Neopixel connectors 1 2
Raspberry Pi support no yes

 

Feeding our SKR GTR V1.0

An important detail to have in mind is that you will need to power the SKR GTR V1.0 electronics with 3 cables from your main source. As you can see, the power lines to the board, the motors and the heated bed are completely separated.

In the image above I show you the proper way to wire the SKR GTR V1.0. It may seem somewhat cumbersome, but when you buy the electronics, it brings 3 power cables prepared for this purpose, so you should not have any complications.

 If in addition to the SKR GTR V1.0 you are going to connect your SKR M5 V1.0 expansion board, you must add an extra power line, which in this case would be the fourth, and which would also be connected to the same source.

Here is another image with an M5 connected to its corresponding GTR and to the power supply (click to enlarge the image).

And finally check the polarity of the cables when making the connections . It is something that I always like to remember, since otherwise you could damage the electronics (or electronics) if you make a mistake in the connections from your source.

 

Electronic diagrams and connections

Here you have the schematics of the SKR GTR and SKR M5 (expansion module) as well as the different connectors in each of the two. If you wish, you can enlarge the images by clicking on them:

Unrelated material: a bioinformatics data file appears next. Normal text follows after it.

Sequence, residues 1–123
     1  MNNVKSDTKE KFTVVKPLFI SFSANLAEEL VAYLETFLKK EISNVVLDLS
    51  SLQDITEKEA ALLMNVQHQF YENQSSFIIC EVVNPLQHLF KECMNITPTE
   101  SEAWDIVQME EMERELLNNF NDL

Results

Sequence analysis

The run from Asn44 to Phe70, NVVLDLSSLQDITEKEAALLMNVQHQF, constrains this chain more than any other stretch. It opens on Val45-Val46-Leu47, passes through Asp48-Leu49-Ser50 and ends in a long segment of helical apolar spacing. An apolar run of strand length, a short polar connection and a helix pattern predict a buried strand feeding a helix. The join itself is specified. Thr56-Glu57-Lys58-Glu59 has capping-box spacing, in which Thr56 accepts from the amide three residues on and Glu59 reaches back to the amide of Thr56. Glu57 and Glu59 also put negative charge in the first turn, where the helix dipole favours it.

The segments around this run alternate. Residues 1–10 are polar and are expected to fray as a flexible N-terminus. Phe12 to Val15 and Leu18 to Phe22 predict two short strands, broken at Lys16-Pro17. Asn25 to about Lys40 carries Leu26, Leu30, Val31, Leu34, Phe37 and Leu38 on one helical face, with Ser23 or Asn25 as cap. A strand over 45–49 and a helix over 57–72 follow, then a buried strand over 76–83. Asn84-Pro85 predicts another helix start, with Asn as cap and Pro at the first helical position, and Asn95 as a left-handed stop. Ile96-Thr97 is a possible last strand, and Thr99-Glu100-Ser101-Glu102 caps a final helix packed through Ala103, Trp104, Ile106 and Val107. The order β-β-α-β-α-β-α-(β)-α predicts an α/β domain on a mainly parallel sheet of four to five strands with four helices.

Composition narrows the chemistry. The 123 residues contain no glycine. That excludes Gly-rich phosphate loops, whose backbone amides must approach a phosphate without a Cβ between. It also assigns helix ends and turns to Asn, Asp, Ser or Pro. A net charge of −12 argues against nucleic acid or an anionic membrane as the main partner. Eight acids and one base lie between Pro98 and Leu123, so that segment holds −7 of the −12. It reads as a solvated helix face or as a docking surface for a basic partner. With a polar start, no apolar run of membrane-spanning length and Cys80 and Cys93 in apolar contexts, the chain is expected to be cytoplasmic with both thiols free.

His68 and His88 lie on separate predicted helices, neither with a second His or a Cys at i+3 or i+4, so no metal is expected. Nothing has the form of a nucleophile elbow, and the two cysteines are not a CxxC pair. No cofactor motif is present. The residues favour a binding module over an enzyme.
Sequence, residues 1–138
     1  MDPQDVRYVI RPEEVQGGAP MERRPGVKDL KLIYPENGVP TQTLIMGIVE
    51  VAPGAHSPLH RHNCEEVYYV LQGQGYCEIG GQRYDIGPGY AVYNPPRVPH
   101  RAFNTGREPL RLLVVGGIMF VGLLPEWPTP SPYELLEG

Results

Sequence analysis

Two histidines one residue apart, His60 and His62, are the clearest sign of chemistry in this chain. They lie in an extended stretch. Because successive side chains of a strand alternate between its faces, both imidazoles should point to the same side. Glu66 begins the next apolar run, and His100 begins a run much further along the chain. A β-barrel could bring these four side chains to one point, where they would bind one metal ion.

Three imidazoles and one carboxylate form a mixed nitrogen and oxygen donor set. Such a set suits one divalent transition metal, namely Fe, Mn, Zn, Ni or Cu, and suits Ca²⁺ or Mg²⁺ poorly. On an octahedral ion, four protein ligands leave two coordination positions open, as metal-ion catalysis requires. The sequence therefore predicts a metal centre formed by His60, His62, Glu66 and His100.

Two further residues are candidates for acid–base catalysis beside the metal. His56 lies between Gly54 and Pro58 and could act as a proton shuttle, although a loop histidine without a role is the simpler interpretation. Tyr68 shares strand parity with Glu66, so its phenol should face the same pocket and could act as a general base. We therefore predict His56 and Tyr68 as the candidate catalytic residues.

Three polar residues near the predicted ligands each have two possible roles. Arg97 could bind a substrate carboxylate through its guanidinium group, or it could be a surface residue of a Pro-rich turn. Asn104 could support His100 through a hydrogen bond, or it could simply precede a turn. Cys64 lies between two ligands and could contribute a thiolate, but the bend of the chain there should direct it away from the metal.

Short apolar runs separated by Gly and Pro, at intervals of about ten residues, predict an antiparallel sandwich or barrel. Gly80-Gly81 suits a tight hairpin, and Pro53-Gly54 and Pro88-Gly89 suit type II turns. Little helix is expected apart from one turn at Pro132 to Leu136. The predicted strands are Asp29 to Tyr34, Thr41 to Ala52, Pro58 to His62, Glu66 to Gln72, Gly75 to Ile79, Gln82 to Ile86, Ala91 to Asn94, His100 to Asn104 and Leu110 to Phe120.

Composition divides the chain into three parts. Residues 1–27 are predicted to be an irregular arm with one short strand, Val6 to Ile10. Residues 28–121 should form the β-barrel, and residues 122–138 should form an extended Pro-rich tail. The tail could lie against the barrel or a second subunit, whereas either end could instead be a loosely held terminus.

SKR GTR V1.0

 

SKR M5 V1.0 (Expansion module)

 

Downloading Marlin firmware (Github)

SKR GTR V1.0 electronics use their own Marlin firmware, which you must download from the BigTreeTech support area (Official Github) as we have commented a few lines above. However, this firmware is in version v2.0.6.2, which although very recent, is no longer the latest version of Marlin (as of this writing, the latest version is v2.0.7.2).

So directly I recommend that you download the firmwares from the official Marlin website, and of course the latest version available. Before, Marlin did not have official support for this new electronics, but since version v2.0.7.2 it is fully supported.

You can find the links to download the latest firmware on the following web page (marlinfw.org). Once in your possession, unzip it on your desktop and you can start modifying it to your liking.

Before continuing with two brief sections, the first is that I used a BigTreeTech TFT35 V3.0 display for this guide, which can operate in two modes (marlin and touchscreen). Simply if you do not have this display, you will have to modify a line of code about it and voila, it has no major difficulty.

The second section is that to edit and compile our firmware you must use a text editor called Visual Studio Code, along with its Platformio extension.

If you do not have any experience with it, I recommend that you read a very interesting article that I wrote some time ago. In this way you will learn to edit, compile and upload your Marlin firmware for 8-bit and 32-bit boards (which is our case).

You can consult the article in the following link: Configure and update your 3D printer using Visual Studio Code and Platform.io and, of course, download the software for free.